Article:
Thursday 28 July 2011

Giant Zucchini

I have, sitting on my counter right now, a zucchini that is the same approximate size and shape as the Graff Zeppelin.  I got it yesterday, at Alderlea Farm, when I went to pick up my CSA box.  There was a bin of them there, with a sign saying “Help Yourself.”  I did.

As I was carrying my vegetables to the car, a woman about my age caught sight of the giant zucchini and asked “What on earth would you DO with one of those?!”  I was surprised. I can’t imagine not knowing how to cook large zucchini. 

Surely everyone who has ever had a home vegetable garden, or known someone who has a home vegetable garden has, cooked a large zucchini at one time or another.  In the cool, grey days of spring, when we want to see something—anything—growing in our gardens, many of us plant far more zucchini than we will ever need.  The resulting bounty spurs us to ever greater heights of kitchen creativity.  Everyone I know has at least one signature zucchini recipe, and most home cooks are happy to share them.

Our annual bounty of zucchini brings with it some health benefits.  As an excellent source of manganese and vitamin C, a very good source of beta-carotene, and a good source of zinc, zucchini provides us with a great combination of conventional antioxidant nutrients. It also contains an unusual amount of lutein and zeaxanthin. These antioxidants are especially helpful in antioxidant protection of the eye, including protection against age-related macular degeneration and cataracts.[1]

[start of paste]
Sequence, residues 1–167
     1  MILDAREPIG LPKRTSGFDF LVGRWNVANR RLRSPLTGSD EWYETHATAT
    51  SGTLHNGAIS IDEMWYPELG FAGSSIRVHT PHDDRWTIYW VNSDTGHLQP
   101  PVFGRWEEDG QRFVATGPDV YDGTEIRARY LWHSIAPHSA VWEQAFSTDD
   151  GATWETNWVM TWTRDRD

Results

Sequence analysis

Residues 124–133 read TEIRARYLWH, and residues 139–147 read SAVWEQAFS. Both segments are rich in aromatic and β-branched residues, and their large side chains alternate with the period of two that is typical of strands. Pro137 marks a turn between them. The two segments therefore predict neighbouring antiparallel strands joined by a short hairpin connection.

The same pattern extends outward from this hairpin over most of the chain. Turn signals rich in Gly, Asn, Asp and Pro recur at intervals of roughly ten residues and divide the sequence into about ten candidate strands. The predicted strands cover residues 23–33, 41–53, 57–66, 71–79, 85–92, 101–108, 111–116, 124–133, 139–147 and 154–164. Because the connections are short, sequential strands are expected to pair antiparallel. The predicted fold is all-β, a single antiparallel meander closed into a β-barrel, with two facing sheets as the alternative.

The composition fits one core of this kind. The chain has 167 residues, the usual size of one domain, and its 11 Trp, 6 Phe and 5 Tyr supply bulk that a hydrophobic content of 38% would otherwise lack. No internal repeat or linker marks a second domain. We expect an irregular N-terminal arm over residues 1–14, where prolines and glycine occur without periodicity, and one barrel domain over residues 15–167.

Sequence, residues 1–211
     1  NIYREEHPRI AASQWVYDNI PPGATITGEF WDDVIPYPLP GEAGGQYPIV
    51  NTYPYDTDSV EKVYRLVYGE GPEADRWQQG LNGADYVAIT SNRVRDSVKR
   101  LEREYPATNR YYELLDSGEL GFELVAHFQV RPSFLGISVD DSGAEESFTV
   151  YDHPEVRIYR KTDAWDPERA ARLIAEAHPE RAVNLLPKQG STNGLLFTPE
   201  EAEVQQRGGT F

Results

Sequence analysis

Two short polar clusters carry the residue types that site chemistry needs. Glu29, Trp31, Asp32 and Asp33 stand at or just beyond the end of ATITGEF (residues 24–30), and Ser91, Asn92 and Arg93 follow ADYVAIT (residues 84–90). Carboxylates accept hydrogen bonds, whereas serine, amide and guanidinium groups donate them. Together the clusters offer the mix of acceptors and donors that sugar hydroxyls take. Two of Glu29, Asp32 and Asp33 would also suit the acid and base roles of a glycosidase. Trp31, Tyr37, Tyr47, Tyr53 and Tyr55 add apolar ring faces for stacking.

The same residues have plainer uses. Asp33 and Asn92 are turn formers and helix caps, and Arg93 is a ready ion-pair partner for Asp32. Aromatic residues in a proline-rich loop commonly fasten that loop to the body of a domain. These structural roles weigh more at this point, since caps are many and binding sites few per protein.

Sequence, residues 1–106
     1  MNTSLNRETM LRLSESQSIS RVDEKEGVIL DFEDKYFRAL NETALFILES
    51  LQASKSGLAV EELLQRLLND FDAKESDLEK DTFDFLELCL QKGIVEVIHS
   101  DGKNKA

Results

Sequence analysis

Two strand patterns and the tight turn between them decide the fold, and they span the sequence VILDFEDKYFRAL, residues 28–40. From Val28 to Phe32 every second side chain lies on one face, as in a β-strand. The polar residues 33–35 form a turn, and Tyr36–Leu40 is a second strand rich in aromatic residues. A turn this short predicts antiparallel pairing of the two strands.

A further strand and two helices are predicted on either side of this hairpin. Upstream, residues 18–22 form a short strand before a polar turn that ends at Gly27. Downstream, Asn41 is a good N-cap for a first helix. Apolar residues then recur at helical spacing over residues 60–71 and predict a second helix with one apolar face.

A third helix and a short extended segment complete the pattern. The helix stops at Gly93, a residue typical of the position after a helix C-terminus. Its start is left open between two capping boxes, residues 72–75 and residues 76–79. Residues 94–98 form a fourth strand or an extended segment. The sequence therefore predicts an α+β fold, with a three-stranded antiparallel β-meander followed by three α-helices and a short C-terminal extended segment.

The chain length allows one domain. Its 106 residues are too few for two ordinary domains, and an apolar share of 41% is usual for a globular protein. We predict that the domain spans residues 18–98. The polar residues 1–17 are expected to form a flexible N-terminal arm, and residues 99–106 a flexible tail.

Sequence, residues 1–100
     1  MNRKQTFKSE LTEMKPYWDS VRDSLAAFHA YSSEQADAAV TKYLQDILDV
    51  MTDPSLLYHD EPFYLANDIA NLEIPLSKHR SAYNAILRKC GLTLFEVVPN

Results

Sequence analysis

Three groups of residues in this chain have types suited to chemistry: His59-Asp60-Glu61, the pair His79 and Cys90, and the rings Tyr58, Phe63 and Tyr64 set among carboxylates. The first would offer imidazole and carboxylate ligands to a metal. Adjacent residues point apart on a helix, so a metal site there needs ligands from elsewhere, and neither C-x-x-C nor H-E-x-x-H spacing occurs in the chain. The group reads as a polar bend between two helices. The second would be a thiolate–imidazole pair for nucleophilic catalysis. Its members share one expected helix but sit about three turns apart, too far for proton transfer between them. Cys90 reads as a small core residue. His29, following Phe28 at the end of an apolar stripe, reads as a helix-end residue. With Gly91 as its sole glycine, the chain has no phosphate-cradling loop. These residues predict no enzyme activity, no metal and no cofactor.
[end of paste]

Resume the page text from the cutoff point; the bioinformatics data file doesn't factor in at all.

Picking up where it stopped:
Zucchini not only provides a very good amount of dietary fiber (a mainstay of dietary protection from Type 2 Diabetes) at 2.5 grams per cup, but it also provides polysaccharide fibers like pectin that have special benefits for blood sugar regulation.[2]

Because I like its taste of zucchini and enjoy its health benefits, I buy it year round but summer zucchini—fresh from the garden or from a local farm—is zucchini at its best.  It has a fresher flavour and is richer in nutrients than zucchini that has been transported for days and then kept in cold storage. 

I always serve zucchini with the skin on.  Many of the nutrients in a summer squash are in the skin itself.

 In the hope and belief that there are more giant zucchini in my future this summer, I’ve decided not to make pickles or relish from the one I have now.  I’m going to slice a couple of rounds off of it, scoop out the seeds, and stuff them like I would do bell peppers.  They’ll be our supper tonight.  The rest of the zucchini will get seeded, grated and bagged in one cup portions.  I’ll set some aside for tomorrow’s breakfast muffins and then freeze the rest.  Shredded zucchini is the home baker’s secret to moist baked goods.  I’ll be glad to have it come winter.

I’ll be sharing my zucchini muffin recipe in tomorrow’s blog.  Do you have a favourite zucchini recipe?  A funny zucchini story?  I’d love to hear them.

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